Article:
When you greet your client for the first time, take a moment to introduce yourself and to talk about your background. Inspiring them to “sign up” for the work ahead by speaking passionately—but realistically—about your work. You want to build trust, develop a personable rapport and get clients to buy into the treatment plan.
2. Set Goals and Point to These Goals at the Beginning of Every Session
Setting realistic expectations from the outset is crucial. It should be no surprise that the best health and wellness therapists are excellent communicators: they ask the right questions, diagnose an underlying problem or condition, outline a solution in words that can be easily understood, and inspire patients to follow through.
First, set goals that both you and your client agree on. Look at each goal and make sure it’s clear, realistic and achievable. Make the goal specific enough that you will both agree when it has been achieved. Do they want to lose 50 pounds in three months, for example, and keep the weight off for good? Be a voice of reason: make sure you’re honest, but always kind, when you nail down these goals. Remember that setting a client up for failure by marking an unrealistic goal will hurt you both in the long-term.
Keep in mind that some clients have a difficult time articulating what they want to achieve or symptoms they may be experiencing. Your intuition and listening skills are important when identifying the important information they’re trying to tell you. To make sure all is clear, a good rule of thumb is to repeat what you have heard and ask them to confirm the accuracy of key points, which will ultimately impact expectations.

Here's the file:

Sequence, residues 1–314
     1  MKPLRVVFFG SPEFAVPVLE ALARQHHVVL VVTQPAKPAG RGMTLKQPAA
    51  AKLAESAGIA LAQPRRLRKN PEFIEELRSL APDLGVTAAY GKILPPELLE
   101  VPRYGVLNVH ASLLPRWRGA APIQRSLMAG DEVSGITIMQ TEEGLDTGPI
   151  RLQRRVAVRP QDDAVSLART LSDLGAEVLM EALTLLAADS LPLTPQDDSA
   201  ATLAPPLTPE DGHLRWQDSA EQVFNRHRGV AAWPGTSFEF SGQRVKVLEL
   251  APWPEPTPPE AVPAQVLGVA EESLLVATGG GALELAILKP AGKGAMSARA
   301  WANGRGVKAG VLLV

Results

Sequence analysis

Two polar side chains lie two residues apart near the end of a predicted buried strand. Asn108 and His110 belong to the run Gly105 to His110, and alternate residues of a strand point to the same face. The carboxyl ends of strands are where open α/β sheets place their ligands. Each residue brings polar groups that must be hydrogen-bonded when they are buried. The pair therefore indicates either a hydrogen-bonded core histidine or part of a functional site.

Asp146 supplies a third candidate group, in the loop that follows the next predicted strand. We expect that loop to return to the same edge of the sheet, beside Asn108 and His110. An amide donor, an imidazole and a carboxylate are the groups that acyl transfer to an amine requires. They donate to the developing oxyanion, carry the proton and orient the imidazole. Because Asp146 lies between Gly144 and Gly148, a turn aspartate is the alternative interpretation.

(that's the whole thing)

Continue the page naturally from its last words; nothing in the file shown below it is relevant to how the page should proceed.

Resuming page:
Once the client’s goals are established, they should be a regular touchstone. Expect them to evolve as you progress and make sure to keep them current.
3. Create a Treatment Plan
While you likely have a standard model or method for treatment as a base, there’s no one-size-fits-all solution. If you involve your client in the treatment plan, they not only buy into it, but take ownership of the strategy, goals and timelines. Remember, clients are looking to you as the expert, but they also want to feel heard. This kind of buy-in will help motivate them to follow your directions for work at home.